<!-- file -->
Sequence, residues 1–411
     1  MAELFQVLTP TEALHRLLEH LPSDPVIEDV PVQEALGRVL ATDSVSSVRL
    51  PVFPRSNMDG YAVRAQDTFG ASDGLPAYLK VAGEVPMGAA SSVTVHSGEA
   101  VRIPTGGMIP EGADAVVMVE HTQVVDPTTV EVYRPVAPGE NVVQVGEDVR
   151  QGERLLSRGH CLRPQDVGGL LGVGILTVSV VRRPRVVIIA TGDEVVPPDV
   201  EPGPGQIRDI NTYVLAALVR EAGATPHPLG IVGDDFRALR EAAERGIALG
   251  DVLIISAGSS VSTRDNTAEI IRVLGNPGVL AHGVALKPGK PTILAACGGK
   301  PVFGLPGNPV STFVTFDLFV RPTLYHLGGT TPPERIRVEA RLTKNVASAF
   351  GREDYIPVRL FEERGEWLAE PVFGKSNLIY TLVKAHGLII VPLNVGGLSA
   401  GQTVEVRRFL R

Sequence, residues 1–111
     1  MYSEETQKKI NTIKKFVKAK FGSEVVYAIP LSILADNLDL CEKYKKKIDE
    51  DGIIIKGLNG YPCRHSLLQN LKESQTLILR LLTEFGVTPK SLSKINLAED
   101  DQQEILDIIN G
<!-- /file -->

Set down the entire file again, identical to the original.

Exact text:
Sequence, residues 1–411
     1  MAELFQVLTP TEALHRLLEH LPSDPVIEDV PVQEALGRVL ATDSVSSVRL
    51  PVFPRSNMDG YAVRAQDTFG ASDGLPAYLK VAGEVPMGAA SSVTVHSGEA
   101  VRIPTGGMIP EGADAVVMVE HTQVVDPTTV EVYRPVAPGE NVVQVGEDVR
   151  QGERLLSRGH CLRPQDVGGL LGVGILTVSV VRRPRVVIIA TGDEVVPPDV
   201  EPGPGQIRDI NTYVLAALVR EAGATPHPLG IVGDDFRALR EAAERGIALG
   251  DVLIISAGSS VSTRDNTAEI IRVLGNPGVL AHGVALKPGK PTILAACGGK
   301  PVFGLPGNPV STFVTFDLFV RPTLYHLGGT TPPERIRVEA RLTKNVASAF
   351  GREDYIPVRL FEERGEWLAE PVFGKSNLIY TLVKAHGLII VPLNVGGLSA
   401  GQTVEVRRFL R

Sequence, residues 1–111
     1  MYSEETQKKI NTIKKFVKAK FGSEVVYAIP LSILADNLDL CEKYKKKIDE
    51  DGIIIKGLNG YPCRHSLLQN LKESQTLILR LLTEFGVTPK SLSKINLAED
   101  DQQEILDIIN G